Take immigration reform. There’s an implicit, and sometimes (as in Schlafly’s case) explicit racial element to much GOP opposition. You don’t have to be a racist to oppose it – you might legitimately worry about the impact on low-wage workers, for instance – but there’s a strong strain of nativism and white paranoia in some of the opposition. A lot of the Republicans who support immigration reform do so because they think it will help the party not look as hostile to Latinos and Asians; many Republicans who oppose it are perfectly happy to look hostile to those groups because they think it helps them with their white base.
Similarly, you might argue that the GOP could run up its margin with white voters by being even more stridently the anti-government party, since white voters tend to be more skeptical about the role of government than non-white voters. But ever since people like Pat Buchanan and Lee Atwater managed to racialize issues like taxation and government assistance, white voters’ skepticism about government can’t be completely divorced from race. Indeed, that’s why Mitt Romney and Paul Ryan, when they saw that Romney wasn’t closing the deal with working-class whites, turned to lies about Obama gutting the work requirement for welfare, or stealing your Medicare to pay for their Obamacare.
Many conservatives have argued that the GOP needs a more populist economic program, but it’s not clear what that would look like. Sean Trende writes: “Ultimately, the basic prescription for the GOP is a healthy dose of economic populism. This includes a lot of changes Democrats would presumably enjoy, such as jettisoning the pro-big-business, Wall Street-style conservatism that characterized the Romney campaign for something authentically geared more toward downscale voters.” But no one has explained what that means.
There is, apparently, something called “libertarian populism,” which Paul Krugman debunked in the Times Friday (and Mike Konczal did with more detail and precision in the Washington Post). Krugman’s optimism that libertarian appeals to slash spending can’t work to win downscale whites, because downscale whites depend on programs like Medicaid, food stamps and unemployment, might be a little bit too optimistic. The Times itself reported last year that the reddest states and counties tend to get the most government assistance. Clearly there are some white voters who either don’t understand that right-wing Republicans want to slash programs they rely on, or don’t care, because they believe the rhetoric that the big bad Obamastate is strangling the economy, and maybe they wouldn’t need government assistance if government would get out of the way.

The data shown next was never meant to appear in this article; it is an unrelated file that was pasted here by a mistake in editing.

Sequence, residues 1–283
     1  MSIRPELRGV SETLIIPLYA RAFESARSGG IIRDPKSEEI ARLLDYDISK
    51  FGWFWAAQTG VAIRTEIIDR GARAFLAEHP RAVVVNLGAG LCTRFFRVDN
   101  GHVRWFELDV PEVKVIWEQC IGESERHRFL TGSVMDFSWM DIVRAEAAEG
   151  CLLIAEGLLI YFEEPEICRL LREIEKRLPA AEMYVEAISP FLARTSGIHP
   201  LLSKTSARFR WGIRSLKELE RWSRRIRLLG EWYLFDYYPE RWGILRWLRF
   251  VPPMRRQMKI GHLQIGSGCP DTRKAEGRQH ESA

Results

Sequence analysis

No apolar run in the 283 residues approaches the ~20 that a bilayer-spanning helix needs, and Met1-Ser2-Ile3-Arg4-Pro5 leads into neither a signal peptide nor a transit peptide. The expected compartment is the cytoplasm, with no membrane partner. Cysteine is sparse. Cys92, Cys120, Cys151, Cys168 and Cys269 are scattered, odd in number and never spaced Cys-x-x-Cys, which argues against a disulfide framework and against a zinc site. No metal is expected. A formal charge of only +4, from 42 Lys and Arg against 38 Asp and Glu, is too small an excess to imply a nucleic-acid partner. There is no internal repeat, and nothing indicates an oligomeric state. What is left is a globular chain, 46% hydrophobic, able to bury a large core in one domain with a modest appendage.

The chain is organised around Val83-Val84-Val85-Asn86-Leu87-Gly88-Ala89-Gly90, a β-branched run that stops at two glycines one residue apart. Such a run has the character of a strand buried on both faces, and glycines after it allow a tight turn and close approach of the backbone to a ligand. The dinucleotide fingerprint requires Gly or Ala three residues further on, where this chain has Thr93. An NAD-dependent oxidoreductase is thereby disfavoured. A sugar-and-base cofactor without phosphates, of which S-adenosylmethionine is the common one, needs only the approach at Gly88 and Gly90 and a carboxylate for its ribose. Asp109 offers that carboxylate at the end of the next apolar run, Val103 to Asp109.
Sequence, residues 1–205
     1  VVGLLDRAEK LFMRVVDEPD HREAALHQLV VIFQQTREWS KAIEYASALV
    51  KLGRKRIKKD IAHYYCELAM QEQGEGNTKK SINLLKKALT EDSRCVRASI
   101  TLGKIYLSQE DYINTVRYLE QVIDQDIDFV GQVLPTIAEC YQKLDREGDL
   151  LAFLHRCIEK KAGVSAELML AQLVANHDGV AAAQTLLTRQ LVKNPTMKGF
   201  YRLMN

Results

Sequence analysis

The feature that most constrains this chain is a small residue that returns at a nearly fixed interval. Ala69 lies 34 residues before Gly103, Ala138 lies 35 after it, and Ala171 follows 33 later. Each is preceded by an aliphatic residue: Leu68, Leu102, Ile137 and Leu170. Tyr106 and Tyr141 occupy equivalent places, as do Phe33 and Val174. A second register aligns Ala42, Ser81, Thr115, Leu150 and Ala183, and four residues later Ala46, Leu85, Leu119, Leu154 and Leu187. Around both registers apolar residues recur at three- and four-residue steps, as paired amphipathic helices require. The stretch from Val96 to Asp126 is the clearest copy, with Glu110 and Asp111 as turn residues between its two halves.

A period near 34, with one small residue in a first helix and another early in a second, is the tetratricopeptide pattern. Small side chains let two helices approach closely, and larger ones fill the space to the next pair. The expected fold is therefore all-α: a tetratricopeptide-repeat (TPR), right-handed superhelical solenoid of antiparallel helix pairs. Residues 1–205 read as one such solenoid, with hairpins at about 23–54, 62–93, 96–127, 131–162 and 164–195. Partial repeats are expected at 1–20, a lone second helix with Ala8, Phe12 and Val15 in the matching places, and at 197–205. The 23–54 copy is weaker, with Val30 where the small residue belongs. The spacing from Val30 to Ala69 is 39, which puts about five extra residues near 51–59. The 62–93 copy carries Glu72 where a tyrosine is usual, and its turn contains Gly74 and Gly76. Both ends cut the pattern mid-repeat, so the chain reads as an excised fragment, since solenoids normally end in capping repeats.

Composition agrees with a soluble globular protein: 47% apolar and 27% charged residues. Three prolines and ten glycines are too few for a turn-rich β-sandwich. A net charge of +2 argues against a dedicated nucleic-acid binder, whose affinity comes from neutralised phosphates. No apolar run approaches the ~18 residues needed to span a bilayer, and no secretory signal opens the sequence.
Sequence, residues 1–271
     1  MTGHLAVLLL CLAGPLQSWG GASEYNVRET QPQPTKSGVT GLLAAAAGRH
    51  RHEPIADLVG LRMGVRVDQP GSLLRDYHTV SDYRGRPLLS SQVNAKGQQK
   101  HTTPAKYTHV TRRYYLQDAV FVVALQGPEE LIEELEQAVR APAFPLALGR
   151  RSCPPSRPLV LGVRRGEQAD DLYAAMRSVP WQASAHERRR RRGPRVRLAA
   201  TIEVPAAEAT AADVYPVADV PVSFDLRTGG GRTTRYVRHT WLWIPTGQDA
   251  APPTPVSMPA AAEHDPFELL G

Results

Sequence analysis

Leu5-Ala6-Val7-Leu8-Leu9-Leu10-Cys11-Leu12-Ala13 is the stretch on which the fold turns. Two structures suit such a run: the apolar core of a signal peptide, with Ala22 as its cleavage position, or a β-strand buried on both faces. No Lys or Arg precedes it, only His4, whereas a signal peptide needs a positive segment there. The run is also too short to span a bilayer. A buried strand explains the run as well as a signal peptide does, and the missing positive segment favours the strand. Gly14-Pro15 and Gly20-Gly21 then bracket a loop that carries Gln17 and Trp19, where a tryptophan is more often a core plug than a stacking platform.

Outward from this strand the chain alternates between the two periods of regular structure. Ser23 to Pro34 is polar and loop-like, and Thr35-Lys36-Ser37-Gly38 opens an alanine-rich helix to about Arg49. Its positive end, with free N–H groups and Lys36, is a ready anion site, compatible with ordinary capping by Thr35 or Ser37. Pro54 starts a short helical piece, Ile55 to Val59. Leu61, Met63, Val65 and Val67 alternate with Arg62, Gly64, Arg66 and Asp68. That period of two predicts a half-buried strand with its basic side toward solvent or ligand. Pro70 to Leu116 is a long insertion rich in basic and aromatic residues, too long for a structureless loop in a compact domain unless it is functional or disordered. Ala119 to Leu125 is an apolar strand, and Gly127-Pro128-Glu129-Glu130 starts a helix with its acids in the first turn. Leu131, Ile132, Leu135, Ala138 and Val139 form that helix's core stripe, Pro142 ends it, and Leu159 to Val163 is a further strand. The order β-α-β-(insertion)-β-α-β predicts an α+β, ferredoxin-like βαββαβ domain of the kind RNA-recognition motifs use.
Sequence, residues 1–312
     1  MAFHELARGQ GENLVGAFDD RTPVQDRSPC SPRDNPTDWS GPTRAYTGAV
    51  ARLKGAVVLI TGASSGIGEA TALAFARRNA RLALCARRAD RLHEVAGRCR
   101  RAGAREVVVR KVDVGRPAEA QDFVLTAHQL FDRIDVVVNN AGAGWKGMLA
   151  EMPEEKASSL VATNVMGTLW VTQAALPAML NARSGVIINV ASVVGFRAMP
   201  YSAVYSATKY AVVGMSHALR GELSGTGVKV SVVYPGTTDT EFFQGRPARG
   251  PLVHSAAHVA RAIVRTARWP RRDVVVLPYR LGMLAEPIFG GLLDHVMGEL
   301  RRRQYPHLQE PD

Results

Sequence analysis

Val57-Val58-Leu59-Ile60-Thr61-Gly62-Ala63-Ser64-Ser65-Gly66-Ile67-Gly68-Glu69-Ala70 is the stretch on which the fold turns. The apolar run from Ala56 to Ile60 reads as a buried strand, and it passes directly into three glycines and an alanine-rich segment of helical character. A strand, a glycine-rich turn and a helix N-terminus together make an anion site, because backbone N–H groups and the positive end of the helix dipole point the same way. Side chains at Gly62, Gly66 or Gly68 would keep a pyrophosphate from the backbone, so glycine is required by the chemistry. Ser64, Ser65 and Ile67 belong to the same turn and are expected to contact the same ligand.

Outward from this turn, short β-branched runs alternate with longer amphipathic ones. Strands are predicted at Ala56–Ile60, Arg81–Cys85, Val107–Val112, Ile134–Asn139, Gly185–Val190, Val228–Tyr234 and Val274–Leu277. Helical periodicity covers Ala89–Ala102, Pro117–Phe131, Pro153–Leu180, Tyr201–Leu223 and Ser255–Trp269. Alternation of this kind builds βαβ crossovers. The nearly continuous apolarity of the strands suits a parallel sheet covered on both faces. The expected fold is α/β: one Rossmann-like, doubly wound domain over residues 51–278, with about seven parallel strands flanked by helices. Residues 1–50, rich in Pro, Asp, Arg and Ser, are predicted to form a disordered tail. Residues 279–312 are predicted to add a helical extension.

Still, “libertarian populism” sure does look like the same old far-right policies with a new name. Sen. Ted Cruz is kind of typical: In his speech to New York Republicans in May he insisted Mitt Romney’s 47 percent remarks doomed his candidacy. “I am going to suggest that the last election can be explained in two words: 47 percent,” Cruz told the wealthy crowd. I have to tell you as a conservative … I think Republicans are and should be the party of the 47 percent.” But then he went on to back programs, including abolishing the IRS, that would actually put more money in the hands of the 1 percent.
Of course, if more Republicans coalesced around a genuine, race-neutral program of economic opportunity, it wouldn’t just appeal to white voters. As Sean Trende acknowledged in an email, “I actually think that sort of switch probably enhances the GOP’s appeals to Hispanics (and, at the margins, African-Americans). “ So it would not necessarily serve to run up the GOP’s margin among whites.
In the end I can’t see how any appeal designed expressly to woo whites doesn’t traffic in race and racial grievance and tribalism. There’s still entirely too much willingness on much of the right to play with racial fire, as evidenced by Sen. Rand Paul refusing to fire his pro-secession “Southern Avenger” Jack Hunter, while praising a book that paints Abraham Lincoln as a racist hypocrite, all to appeal to the segment of the GOP base that admires “libertarianism” because they translate it as “states’ rights.”